I think I understand Trump
I think I understand Trump

Donald Trump’s acceptance speech at the Republican Convention was among the longest ever.  Perhaps his goal was to speak directly to people who never hear him directly, but only read what his opponents in the media write about him the next day. 

The three main commercial networks — CBS, NBC, and ABC — would give only one hour of coverage to the Convention each night. 

After a twenty-minute speech, they then tear it apart for half an hour.  However, by speaking long, Trump dominated that hour of commercial network coverage to speak directly to ABC, NBC, and CBS viewers who rarely watch cable news of any sort, and he left the networks with virtually no time to dissect his speech because, once the balloons dropped and the visual fireworks erupted, they had to race back to their regular programming to compensate for all their lost commercial time.  Thus, listeners were left with his message, virtually unscathed.

If that length was a deliberate strategy, it was brilliant.  If it was unintended that he go so long, it worked to his advantage.  Better too-long a speech to people who never hear you directly but only read about you from what Stephen Colbert, Katie Couric, Bill Maher, and Jon Stewart have to joke about, and what the extreme-doctrinaire-liberal pundits have to criticize, than a speech that leaves time for Scott Pelley, George Stephanopoulos, Tom Brokaw, and all the others to ramble on telling people that what they think they heard is not what they heard.

Ivanka’s introductory speech was wonderful.  Yes, Donald Trump’s speech was “too dark” — “Midnight in America,” as one liberal pundit put it, contrasting with Reagan’s “Morning in America.”  But I think I see what he is doing, the strategy.  It is a gamble, a risky but not unreasonable gamble.  I would not do it his way, exactly — but I think I understand Trump.

We no longer live in the Electoral College world in which we once lived.  In the past, for example, California reasonably could go GOP — governors Reagan, Deukmejian, and Wilson were all within the past half century.  Now, however, California is lost to Republicans, as the state’s radical Democrat legislature focuses more on denying Latino farmers in the San Joaquin Valley access to water because of some small bottom-feeding quasi-fish, and on denying the rest of us the right to have groceries bagged at the supermarket unless we are willing to pay a surcharge for plastic bags (and we will pay).  Similarly, New York is lost. 

That is a ton of abandoned Electoral College votes.  The Democrats, very wisely, have worked for three decades to change the electoral map by bringing in new voters — not by persuading voters to change affiliation, but literally by importing new voters.  (And Virginia is going the next step, legalizing felons to vote because felons tend to vote overwhelmingly Democrat.  Connect those dots.)

Republicans tried McCain.  Was he a “National Review”/”Weekly Standard”/George Will  Republican?  On immigration?  On taxes?  Instead, he was pathetically weak, unwilling to confront Obama at any debate.  Yes, he is a war hero.  But he was not heroic at the debates.  He was weak, a punching bag deflated perhaps by fearing to say things to or about Obama because of Obama’s historicity.  So he let Obama glide through without ever taking on Rev. Wright, Bill Ayres, or the criminal who gave Obama a huge property for peanuts.  Obama was riding a moment of history, and the foundations of America were crumbling at the end of the G.W. Bush years.  McCain led the Republicans to electoral disaster.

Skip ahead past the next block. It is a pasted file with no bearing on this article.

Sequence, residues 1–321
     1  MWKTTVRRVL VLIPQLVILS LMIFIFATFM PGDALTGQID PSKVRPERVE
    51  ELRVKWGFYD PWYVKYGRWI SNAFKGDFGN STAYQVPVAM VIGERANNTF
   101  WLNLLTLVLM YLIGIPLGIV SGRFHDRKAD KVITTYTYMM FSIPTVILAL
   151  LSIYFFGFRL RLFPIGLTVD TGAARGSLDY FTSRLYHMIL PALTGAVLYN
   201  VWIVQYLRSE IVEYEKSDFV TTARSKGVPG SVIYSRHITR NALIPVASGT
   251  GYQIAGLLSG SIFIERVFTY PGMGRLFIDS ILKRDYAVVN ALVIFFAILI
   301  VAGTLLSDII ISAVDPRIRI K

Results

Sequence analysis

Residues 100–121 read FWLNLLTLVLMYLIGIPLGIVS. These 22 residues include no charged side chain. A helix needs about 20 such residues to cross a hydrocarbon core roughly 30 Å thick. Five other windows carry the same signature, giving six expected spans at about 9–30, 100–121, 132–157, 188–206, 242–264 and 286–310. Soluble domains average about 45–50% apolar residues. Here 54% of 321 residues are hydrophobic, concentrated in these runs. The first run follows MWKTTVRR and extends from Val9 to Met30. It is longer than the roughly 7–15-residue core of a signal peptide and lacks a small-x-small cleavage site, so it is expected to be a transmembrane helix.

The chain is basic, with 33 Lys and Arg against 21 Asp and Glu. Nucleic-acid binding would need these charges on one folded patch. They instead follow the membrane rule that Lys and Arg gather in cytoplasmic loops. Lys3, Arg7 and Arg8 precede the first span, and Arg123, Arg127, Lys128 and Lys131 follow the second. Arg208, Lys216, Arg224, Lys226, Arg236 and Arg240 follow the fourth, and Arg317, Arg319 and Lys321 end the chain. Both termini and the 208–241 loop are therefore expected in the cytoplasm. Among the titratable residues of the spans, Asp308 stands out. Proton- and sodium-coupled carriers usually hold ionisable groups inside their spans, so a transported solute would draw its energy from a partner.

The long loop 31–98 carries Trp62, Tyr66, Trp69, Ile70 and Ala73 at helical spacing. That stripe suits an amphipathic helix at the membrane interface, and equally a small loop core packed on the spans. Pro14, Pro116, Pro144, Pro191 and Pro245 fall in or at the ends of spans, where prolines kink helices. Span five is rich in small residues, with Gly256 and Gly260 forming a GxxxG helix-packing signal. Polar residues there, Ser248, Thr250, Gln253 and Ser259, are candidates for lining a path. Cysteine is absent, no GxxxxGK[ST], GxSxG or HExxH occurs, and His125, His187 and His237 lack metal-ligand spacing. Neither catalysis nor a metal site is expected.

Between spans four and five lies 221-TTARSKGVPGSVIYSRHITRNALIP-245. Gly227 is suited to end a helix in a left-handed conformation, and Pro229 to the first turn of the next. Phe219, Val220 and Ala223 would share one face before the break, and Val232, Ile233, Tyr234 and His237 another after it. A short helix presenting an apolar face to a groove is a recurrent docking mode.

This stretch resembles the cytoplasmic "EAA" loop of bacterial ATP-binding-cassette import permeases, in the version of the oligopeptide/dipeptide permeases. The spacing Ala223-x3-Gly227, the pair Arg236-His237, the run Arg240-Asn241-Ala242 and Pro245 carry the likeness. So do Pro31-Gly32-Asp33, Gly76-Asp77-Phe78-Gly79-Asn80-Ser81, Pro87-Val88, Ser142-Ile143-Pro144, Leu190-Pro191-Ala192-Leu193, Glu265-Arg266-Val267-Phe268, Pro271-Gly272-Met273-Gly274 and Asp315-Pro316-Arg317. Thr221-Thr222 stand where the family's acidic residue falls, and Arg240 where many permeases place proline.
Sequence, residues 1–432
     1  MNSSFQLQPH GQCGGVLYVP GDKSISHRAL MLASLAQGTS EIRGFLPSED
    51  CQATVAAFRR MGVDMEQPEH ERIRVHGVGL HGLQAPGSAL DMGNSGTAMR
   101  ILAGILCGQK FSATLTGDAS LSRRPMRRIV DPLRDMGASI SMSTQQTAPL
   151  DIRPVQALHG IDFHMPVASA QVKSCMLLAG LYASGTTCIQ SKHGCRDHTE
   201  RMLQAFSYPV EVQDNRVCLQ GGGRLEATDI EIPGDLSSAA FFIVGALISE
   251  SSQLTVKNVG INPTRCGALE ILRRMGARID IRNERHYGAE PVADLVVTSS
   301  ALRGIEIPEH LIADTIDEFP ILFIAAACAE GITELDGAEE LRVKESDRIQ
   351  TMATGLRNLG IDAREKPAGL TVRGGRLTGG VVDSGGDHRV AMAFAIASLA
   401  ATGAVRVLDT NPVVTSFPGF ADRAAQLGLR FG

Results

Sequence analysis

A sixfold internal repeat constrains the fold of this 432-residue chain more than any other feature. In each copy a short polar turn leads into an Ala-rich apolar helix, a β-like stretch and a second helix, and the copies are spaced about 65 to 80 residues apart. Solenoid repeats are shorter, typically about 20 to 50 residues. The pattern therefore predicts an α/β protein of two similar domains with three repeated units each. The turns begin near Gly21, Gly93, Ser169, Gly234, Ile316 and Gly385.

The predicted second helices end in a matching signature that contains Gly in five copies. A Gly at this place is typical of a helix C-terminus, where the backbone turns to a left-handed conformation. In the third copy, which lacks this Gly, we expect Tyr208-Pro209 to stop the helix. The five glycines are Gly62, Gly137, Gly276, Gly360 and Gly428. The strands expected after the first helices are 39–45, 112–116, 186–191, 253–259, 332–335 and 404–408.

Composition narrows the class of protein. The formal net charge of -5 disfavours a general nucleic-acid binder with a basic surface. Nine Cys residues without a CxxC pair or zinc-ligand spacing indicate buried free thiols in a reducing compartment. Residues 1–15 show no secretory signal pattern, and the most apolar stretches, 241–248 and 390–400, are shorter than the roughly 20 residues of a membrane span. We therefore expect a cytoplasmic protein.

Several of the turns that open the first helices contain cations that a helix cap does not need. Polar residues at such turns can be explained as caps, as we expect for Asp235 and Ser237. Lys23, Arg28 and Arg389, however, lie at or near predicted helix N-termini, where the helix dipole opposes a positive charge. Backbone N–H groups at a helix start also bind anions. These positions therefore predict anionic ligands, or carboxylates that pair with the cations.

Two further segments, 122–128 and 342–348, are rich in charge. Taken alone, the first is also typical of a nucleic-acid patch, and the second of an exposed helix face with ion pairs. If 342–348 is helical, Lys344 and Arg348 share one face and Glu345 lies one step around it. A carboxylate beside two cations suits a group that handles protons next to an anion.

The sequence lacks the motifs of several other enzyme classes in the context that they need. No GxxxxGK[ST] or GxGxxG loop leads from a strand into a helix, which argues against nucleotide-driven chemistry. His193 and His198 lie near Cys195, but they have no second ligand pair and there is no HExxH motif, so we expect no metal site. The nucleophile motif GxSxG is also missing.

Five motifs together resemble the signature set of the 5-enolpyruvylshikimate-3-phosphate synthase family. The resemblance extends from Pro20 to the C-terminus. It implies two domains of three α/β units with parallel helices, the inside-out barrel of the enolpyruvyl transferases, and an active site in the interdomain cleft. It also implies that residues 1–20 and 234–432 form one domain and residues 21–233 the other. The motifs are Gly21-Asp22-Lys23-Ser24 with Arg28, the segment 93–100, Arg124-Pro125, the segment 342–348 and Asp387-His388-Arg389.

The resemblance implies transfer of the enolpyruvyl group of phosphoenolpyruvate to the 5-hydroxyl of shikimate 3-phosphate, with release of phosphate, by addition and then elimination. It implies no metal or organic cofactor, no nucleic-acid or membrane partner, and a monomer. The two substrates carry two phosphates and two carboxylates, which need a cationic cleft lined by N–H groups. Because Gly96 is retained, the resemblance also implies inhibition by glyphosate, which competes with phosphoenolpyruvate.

Then came Mitt Romney.  Was he a “National Review”/”Weekly Standard”/ George Will Republican?  In an election whose central issue was the despised Obamacare — the issue that catapulted Scott Brown to the U.S. Senate seat held by Ted Kennedy — whom did the GOP run?  Of all the possible Republicans in the world, they run the one guy who cannot attack Obamacare meaningfully — because he was the Architect of Obamacare.  Yes, Romney is a man of great character, great decency, great ethics and morals.  He was good on most issues — taxes, business, trade, foreign affairs.  He warned about the weakening military, the threat of a rising Putin.  But he also was too nice in the end, and he could not make a case against the Obamacare he fashioned before Obama. 

He clobbered Obama in the first debate, but he could not repeat.  Even without Candy Crowley's despicable meddling, he failed to take it to Obama in the second round, and then she nailed Romney with her lie and rule-violating interference, he lost his footing and was lost the rest of that second debate.  Republicans remember that.  Two consecutive elections with GOP Presidential candidates who melted and flummoxed in the crucial debates, unable to remain standing once punched.  In the end, after Romney lost the election, we learned that, if he only had drawn as many votes as did McCain, he would have won — but he did worse than McCain.  Republicans have been waiting for someone who can remain standing in the ring.

So back to Trump.  Trump seems to have figured out that a “kinder, gentler” Republican cannot win in the present constellation of Electoral College states.  I am an Orthodox rabbi of 30 years.  Unless you are an even more learned Orthodox rabbi of more years, don’t try convincing people you are more a Jew than I am.  In the same way, it seems, Trump has determined that, with Bush having lost the popular vote in his second try, and with McCain and Romney doing worse, the constellation now is not situated for a Republican to present himself or herself as more mushy and squishy and touchy-feely than a Democrat.